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All For Love

All for Love or, the World Well Lost, is a heroic drama by John Dryden written in 1677. Today, it is Dryden's best-known and most performed play. It is a tragedy written in blank verse and is an attempt on Dryden's part to reinvigorate serious drama. It is an acknowledged imitation of Shakespeare’s Antony and Cleopatra, and focuses on the last hours of the lives of its hero and heroine. The original 1677 production by the King's Company starred Charles Hart as Marc Antony and Elizabeth Boutell as Cleopatra, with Michael Mohun as Ventidius and Katherine Corey as Octavia.[2] All for Love; also called, The World Well Lost is a tragedy by John Dryden, first acted and printed in 1677. Dryden deals in this play with the same subject as that of Shakespeare's Antony and Cleopatra. Whilst, however, the elder poet "diffused the action of his play over Italy, Greece, and Egypt," Dryden laid every scene in the city of Alexandria. This link for educational purpose only. Please remove file from your computer after familiarization.

All for Love or, the World Well Lost, is a heroic drama by John Dryden written in 1677. Today, it is Dryden's best-known and most performed play. It is a tragedy written in blank verse and is an attempt on Dryden's part to reinvigorate serious drama. It is an acknowledged imitation of Shakespeare’s Antony and Cleopatra, and focuses on the last hours of the lives of its hero and heroine. The original 1677 production by the King's Company starred Charles Hart as Marc Antony and Elizabeth Boutell as Cleopatra, with Michael Mohun as Ventidius and Katherine Corey as Octavia.[2] All for Love; also called, The World Well Lost is a tragedy by John Dryden, first acted and printed in 1677. Dryden deals in this play with the same subject as that of Shakespeare's Antony and Cleopatra. Whilst, however, the elder poet "diffused the action of his play over Italy, Greece, and Egypt," Dryden laid every scene in the city of Alexandria. Moreover, he "contents himself with the concluding scene of Antony's history, instead of introducing the incidents of the war with Pompey, the negotiation with Lepidus, death of his first wife, and other circumstances which, in Shakespeare, only tend to distract our attention from the main interest of the drama" (Sir Walter Scott). Dryden, says Saintsbury, "omits whatever in the original story is shocking and repulsive from the romantic point of view.... The best pieces of All for Love cannot, of course, challenge comparison with the best pieces of Shakespeare ... but the best passages of this play, and, what is more, its general facture and style, equal, with certain time-allowance, the best things of Beaumont and Fletcher, and therefore the best things of almost any English tragedian save Shakespeare." The original cast included Hart as Antony, Mohun as Ventidius, Clarke as Dolabella, Goodman as Alexas, Griffin as Serapion, Mrs. Boutell as Cleopatra, Mrs. Corey as Octavia. The play was revived at Lincoln's Inn Fields in February 1704, with Betterton as Antony, Mrs. Barry as Cleopatra, Wilks as Dolabella, and Mrs. Bracegirdle as Octavia; at Drury Lane in December 1718, with Booth as Antony, Mrs. Oldfield as Cleopatra, and Mrs. Porter as Octavia. John Dryden dedicated his play All For Love to the leader of the anti-French movement at court, Thomas Osborne, Lord Treasurer and Earl of Danby. The Dedication critiques Whiggery and "republican" politics, or political practices which strove to continue the Reformation in England. The Dedication also critiques the aggressive and intolerant Anglicanism present in England. Danby was himself prejudiced against Catholics. This prejudice led to his opposition of Charles II’s alliances with the Catholic French. When the Dedication was published in 1678, Danby was at a difficult point in his career. Shortly before the fall of Ghent to Louis XIV's forces, and the signing of a peace treaty at Nijmegen between the Dutch Republic and France, Danby was attempting to arrange an unpopular Anglo-Dutch alliance against the French. Using his Dedication, Dryden took advantage of this political turmoil by attempting to befriend Danby, one of the most powerful members of the Cabinet. There were many potential benefits for Dryden's decision to dedicate his play to Danbury. One reason for Dryden's choice was the economic advantages he incurred. As treasurer, Danbury had the opportunity to monetarily reward underpaid poets. Danbury paid Dryden his full salary as poet laureate from 1673–77 even though the treasury was heavily depleted at the time. However, Dryden's choice of dedicatee also allowed him to highlight the political, as well as romantic, follies within the play. Dryden uses the Dedication to advise Danby to adopt a more moderate political stance. Additionally, Dryden uses the Dedication to demonstrate the similarities between his patron's life and the characters in All for Love.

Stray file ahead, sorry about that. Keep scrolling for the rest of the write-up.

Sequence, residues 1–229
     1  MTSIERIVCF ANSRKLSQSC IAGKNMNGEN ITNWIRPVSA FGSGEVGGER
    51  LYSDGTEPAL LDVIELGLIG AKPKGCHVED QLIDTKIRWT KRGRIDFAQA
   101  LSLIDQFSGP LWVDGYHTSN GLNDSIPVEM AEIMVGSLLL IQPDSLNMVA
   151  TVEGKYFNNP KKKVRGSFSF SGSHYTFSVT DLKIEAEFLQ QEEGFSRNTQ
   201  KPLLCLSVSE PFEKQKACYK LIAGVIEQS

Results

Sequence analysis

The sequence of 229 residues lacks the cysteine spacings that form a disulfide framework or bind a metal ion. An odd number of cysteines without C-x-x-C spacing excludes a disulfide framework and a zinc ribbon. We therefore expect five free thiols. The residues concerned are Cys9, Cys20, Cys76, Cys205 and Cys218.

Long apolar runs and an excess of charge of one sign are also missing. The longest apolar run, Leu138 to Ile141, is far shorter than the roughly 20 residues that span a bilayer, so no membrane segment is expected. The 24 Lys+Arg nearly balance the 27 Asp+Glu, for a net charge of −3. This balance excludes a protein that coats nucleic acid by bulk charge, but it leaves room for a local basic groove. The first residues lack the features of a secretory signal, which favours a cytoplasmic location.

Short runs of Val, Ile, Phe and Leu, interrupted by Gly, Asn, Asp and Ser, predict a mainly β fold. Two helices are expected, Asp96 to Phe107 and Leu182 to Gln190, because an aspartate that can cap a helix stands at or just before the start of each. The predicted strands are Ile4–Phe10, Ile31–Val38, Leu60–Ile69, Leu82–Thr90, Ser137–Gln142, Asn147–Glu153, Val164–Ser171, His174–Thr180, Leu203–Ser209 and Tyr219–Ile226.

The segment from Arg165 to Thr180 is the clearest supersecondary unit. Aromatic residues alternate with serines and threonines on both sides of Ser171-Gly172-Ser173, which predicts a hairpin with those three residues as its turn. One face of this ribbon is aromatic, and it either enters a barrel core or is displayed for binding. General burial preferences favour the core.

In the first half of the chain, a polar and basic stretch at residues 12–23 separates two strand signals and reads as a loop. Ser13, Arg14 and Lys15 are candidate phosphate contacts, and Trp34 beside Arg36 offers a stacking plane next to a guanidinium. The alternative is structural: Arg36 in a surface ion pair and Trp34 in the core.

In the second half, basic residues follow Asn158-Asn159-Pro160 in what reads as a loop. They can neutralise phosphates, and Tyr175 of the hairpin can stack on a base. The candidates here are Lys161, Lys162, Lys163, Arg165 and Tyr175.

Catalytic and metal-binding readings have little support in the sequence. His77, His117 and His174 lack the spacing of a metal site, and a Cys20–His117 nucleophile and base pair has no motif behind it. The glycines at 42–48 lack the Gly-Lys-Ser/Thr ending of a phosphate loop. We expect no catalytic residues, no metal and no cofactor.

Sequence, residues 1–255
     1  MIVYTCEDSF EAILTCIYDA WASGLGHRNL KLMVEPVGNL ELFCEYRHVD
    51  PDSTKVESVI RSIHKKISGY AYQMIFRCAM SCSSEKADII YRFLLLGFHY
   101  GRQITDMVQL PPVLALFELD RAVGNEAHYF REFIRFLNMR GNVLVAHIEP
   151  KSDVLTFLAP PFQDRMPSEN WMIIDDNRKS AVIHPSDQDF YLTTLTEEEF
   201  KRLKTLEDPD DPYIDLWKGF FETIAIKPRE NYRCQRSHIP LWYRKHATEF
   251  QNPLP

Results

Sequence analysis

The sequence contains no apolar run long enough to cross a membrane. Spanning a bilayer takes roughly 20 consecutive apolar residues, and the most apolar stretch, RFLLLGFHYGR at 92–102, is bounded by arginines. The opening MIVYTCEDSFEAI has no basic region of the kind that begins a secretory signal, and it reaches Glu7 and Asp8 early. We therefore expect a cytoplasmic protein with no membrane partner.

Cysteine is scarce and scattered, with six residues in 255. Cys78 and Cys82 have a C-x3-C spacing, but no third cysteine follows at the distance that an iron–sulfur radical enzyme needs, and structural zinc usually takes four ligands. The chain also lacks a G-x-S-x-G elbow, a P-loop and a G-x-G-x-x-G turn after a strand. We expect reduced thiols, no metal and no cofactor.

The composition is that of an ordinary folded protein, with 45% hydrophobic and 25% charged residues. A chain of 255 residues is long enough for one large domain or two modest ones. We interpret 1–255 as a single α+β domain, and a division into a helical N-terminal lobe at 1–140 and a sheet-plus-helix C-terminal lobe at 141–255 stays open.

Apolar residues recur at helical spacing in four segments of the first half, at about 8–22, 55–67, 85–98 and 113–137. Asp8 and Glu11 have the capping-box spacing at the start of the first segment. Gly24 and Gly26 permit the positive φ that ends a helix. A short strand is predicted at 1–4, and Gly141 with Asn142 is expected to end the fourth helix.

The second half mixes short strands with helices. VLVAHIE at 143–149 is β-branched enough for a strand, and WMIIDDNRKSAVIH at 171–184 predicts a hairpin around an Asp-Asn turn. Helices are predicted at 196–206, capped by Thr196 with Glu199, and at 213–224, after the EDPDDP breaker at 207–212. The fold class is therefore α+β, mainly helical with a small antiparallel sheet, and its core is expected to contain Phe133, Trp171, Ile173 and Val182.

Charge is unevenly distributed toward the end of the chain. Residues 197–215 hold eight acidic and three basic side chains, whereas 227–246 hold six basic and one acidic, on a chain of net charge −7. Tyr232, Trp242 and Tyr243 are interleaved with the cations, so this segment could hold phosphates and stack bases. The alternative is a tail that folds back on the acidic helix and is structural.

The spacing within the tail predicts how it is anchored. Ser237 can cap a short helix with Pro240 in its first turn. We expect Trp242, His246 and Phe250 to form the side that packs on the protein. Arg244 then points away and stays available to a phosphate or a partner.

Book year:

Book pages: 95

ISBN: 1500356670

Book language: en

File size: 546.38 KB

File type: pdf

Published: 18 March 2020 - 15:00